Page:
The Strange Pleasures of Japanese Baseball
By now, you know the shape of American baseball. There are the sluggers, the DH arguments, the sabermetrics partisans, the steroids, the astroturf. Of course, the game is beautiful enough to overcome all that, but for a few seasons now, I’ve been thinking it might be nice to see the game from a different angle, maybe even a different continent.
And so, perhaps inevitably, I started watching Japanese baseball...
It’s a kind of Lost World of baseball, where the mercenary atomization of the ’90s never happened. The parks are smaller, the home runs come less often, and the emphasis is more on fielding than hitting. To a certain kind of purist, that’s how the game is supposed to be played.
First off, there are real technical differences. The strike zone is smaller on the inside, and the ball itself is smaller and harder than a regulation MLB ball, making it both faster and harder to hit. The result is a lot of line drives and some surprisingly challenging fielding.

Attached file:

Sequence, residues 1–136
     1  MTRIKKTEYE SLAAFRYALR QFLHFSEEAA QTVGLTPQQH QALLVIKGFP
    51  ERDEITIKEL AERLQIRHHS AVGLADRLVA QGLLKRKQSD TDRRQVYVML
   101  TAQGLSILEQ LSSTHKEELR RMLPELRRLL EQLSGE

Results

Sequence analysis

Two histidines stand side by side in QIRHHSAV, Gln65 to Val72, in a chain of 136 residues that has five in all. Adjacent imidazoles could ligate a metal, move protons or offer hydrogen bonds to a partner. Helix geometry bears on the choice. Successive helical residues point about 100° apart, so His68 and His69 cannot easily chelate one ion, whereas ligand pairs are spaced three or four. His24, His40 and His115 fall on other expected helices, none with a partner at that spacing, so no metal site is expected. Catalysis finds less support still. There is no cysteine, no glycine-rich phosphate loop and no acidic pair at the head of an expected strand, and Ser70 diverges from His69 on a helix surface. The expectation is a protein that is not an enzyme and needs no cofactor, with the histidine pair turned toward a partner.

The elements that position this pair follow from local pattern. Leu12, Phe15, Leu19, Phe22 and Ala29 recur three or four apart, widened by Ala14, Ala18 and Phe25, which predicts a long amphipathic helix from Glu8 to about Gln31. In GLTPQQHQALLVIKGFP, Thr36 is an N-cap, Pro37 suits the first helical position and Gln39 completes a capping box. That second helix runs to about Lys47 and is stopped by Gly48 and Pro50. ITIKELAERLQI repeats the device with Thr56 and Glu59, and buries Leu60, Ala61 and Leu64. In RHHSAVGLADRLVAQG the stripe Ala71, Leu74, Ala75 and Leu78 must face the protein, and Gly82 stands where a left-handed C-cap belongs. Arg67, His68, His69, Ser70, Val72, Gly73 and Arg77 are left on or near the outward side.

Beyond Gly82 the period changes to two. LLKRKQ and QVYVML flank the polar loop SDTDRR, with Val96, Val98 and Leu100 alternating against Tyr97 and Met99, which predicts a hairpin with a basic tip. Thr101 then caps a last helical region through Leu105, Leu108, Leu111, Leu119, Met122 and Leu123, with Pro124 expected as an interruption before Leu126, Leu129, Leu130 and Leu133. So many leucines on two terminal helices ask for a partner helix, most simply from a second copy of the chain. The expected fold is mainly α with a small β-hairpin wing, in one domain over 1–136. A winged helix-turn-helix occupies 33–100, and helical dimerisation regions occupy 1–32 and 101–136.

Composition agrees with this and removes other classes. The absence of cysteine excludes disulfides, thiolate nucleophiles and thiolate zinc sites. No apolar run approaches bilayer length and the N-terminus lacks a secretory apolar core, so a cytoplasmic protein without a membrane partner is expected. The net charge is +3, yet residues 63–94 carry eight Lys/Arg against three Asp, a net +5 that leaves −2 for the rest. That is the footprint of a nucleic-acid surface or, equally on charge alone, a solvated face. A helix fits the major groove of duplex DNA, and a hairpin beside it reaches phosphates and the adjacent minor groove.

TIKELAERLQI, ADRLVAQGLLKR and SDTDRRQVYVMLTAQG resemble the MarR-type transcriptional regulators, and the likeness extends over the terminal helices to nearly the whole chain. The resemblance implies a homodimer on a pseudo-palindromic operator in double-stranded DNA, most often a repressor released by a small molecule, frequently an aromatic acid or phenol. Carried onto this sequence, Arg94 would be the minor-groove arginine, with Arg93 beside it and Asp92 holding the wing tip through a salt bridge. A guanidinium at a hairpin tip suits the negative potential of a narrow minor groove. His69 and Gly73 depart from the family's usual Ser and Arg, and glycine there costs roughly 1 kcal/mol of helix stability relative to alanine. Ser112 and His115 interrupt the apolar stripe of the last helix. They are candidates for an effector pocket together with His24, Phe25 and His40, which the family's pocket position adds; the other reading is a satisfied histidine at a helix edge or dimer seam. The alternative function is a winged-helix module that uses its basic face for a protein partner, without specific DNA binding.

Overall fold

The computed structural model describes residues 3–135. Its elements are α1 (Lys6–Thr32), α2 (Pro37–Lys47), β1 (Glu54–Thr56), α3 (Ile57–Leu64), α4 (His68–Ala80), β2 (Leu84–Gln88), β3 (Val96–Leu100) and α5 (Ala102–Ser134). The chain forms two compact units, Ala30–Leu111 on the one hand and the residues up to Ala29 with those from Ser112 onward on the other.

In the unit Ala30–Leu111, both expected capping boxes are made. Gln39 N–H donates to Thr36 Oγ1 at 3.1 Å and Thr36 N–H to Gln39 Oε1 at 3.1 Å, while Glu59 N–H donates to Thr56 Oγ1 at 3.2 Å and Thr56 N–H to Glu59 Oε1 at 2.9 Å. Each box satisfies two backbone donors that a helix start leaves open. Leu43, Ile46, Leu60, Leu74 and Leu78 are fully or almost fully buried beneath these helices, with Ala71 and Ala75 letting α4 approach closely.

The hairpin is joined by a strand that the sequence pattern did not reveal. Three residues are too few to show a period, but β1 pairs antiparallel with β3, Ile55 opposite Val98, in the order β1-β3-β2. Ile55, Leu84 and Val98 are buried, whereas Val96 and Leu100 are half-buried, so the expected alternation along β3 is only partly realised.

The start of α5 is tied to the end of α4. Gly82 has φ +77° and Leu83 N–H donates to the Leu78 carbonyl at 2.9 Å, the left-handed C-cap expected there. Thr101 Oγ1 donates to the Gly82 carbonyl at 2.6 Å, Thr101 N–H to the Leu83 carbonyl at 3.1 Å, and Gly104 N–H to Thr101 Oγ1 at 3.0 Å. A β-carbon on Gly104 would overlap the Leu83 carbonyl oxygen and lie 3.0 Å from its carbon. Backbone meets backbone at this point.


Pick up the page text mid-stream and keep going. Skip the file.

But you also get the chance to see some of baseball’s best traditions chopped and screwed into something entirely new. One example is in the picture up top, the Hanshin Tigers’ tradition of a mass balloon release in honor of the seventh-inning stretch. Everyone inflates and then releases their balloons on the given signal, filling the air with literally thousands of multicolored mini-zeppelins. It’s a hell of a moment, and unlike anything you’ve seen on a US ball field.
The mythology of the teams is even better. The Tigers are basically the Red Sox of Japan, and their answer to the Curse of the Bambino is called the Curse of the Colonel. As in, Colonel Sanders.
After their 1985 championship, a group of Hanshin fans celebrated by dressing up as the entire team roster and jumping into the Dotonbori Canal. But since they couldn’t find someone who looked like gaijin MVP Randy Bass, they stole a fiberglass statue of Colonel Sanders from a local KFC and pitched it into the river alongside them. Then, 18 years of placing last or second-to-last in the country—all because of the mystical power of the missing statue. It was finally recovered in 2009, minus its glasses and left hand. Presumably, most of the curse was lifted in turn.
Suddenly, Bill Buckner doesn’t seem so bad.